6 Best Marijuana Strains to Use After a Workout

Despite the stereotype that most marijuana users are lazy stoners, it’s actually been shown that cannabis users are less likely to develop diabetes and obesity. That means they’re actually living active and healthy lives. One aspect of a healthy life is regular exercise. But some people avoid working out because of how their body feels after doing so.

If that’s the case for you, here are six marijuana strains to use after exercise to avoid all those negative effects:

1. Sour Diesel

Sour Diesel is another strain that is both not for newbies but also is somewhat divisive among regular users as well. However, it’s high THC content is extremely effective for treating pain, making it a perfect post-workout strain.

2. Girl Scout Cookies

One of the more popular strains of marijuana, Girl Scout Cookies is known to be an effective strain for combating pain. It’s also great for relaxation after a workout.

3. Blue Dream

Another super popular strain, Blue Dream is often selected by users for its ability to help the entire body physically relax. Isn’t that exactly what you need after a workout?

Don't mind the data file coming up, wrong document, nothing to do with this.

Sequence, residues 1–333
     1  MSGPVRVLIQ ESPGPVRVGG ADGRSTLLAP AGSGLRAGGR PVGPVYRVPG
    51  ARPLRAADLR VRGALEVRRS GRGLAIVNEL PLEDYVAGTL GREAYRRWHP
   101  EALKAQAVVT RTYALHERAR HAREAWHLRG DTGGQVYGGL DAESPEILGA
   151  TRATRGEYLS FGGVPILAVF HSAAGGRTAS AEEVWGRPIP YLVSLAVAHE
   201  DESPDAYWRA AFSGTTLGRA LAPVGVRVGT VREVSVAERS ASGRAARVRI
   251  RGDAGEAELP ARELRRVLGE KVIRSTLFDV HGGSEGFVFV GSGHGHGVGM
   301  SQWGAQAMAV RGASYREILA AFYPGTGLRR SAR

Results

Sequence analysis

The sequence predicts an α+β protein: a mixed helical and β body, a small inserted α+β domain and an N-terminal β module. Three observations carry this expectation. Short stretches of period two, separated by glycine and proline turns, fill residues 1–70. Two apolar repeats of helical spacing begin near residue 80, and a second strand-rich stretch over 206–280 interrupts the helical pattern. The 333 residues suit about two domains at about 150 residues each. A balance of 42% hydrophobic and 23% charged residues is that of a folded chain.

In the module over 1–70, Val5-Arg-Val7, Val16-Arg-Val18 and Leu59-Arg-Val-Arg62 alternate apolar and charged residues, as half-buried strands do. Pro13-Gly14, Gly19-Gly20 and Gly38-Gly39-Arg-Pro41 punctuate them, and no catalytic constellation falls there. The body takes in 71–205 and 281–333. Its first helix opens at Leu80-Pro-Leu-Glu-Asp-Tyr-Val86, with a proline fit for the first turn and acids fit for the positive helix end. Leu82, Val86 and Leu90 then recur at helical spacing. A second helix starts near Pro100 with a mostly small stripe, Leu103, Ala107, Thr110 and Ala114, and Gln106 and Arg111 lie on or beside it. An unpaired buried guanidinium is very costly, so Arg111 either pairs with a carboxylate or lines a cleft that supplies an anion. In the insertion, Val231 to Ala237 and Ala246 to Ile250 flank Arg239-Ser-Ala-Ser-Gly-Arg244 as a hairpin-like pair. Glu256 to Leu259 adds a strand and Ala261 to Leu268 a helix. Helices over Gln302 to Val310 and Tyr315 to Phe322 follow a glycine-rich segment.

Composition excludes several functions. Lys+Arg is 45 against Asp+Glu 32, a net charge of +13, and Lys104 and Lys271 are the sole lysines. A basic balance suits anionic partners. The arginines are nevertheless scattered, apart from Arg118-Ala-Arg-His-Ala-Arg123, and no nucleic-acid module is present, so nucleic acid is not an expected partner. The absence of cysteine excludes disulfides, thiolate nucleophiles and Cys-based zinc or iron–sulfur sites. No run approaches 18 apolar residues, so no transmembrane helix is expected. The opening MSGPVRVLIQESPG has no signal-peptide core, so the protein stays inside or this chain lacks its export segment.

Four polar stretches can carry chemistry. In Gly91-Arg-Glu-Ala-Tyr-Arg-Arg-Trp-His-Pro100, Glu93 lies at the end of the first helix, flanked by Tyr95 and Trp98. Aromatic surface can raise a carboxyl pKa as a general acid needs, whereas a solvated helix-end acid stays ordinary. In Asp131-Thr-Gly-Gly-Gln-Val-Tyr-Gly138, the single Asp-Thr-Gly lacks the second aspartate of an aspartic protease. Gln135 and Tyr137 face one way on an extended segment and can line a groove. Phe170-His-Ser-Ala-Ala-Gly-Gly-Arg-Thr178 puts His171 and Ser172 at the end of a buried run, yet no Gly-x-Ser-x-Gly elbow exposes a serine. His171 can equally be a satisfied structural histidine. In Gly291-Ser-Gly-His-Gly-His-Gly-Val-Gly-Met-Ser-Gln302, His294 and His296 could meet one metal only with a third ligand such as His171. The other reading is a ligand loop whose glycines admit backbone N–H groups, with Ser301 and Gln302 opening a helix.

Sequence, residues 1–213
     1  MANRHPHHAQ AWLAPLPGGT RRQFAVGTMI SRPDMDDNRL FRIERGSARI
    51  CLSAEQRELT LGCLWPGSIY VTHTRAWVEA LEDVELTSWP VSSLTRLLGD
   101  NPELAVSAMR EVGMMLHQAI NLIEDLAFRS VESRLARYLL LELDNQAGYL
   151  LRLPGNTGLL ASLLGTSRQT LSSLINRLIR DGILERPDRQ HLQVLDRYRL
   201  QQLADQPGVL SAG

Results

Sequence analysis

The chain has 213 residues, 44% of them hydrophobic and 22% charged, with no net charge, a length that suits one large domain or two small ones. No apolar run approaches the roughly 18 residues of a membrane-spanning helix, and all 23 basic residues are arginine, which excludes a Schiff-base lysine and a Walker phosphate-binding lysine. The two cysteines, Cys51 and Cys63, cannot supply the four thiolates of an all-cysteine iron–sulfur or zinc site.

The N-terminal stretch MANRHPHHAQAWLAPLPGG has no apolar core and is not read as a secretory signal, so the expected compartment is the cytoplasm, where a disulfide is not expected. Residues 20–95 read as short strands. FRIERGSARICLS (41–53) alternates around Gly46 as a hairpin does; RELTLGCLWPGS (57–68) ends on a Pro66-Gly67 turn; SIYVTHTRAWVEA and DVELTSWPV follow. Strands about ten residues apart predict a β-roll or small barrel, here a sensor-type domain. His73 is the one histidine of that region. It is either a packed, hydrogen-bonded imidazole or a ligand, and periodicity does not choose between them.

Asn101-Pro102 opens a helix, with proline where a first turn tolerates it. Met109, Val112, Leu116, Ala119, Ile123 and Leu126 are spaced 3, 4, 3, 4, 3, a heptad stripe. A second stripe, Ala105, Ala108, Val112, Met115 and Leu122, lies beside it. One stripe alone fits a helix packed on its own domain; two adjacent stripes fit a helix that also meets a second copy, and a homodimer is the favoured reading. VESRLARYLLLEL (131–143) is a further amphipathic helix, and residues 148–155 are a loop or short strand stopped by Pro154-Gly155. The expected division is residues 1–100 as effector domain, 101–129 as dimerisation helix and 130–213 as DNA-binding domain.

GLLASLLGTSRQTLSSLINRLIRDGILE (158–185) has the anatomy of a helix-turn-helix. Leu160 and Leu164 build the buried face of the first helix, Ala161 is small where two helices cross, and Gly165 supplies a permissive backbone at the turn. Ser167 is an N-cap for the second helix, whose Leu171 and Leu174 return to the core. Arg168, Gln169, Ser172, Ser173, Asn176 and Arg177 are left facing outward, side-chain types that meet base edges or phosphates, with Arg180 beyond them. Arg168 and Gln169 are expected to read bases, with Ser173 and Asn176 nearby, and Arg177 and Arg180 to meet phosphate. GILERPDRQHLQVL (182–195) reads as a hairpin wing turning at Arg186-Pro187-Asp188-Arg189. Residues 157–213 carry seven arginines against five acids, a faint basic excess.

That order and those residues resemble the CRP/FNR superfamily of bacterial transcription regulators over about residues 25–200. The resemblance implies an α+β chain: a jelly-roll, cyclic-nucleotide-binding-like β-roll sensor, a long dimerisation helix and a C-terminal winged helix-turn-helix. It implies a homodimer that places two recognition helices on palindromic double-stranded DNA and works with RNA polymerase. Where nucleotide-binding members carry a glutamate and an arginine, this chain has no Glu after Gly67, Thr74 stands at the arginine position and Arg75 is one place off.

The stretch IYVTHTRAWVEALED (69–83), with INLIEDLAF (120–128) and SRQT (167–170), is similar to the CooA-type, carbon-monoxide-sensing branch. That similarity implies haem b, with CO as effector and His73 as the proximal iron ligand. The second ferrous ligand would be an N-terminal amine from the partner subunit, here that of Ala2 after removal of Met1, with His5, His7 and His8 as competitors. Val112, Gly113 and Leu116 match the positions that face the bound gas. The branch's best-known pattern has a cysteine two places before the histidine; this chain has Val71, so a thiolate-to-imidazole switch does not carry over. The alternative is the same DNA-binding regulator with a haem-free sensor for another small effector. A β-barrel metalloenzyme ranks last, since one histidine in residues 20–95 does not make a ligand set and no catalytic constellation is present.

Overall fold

4. Sweet Kush

This particularly potent strain is probably not for cannabis newbies. It’s known to be particularly helpful for people who suffer from muscle spasms and joint paint, meaning it’s perfect if you’ve just done a lot of heavy lifting at the gym.

5. Cannatonic

This strain that’s high in CBD is more for people actually needing some relief after their workouts. It’s one of the best strains around to relieve pain, cause relaxation in the muscles and also help you feel uplifted.

6. Great White Shark

Ever get the feeling after you go the gym where it seems like every muscle in your body wants to just shut down and not do anything for several hours? That’s where Great White Shark comes in. This strain is known to loosen stiff or sore muscles to help you continue your day even after a strenuous workout.

(h/t Allbud, cannabis.net, Popsugar and Wikileaf for strain information)


After a battery of tests and misdiagnoses, I was finally diagnosed with Crohn’s Disease twelve years ago, and thus began a long battle with trial-and-error medical treatments. I changed my diet several times, even though my doctors didn’t seem confident it would change much (it didn’t), went to physical therapy for pain-related issues, and took so many different pharmaceuticals I can’t even begin to recall each and every one. My days were foggy due to side effects from pharmaceuticals, such as steroids, that made me feel worse than I did before I even took them.

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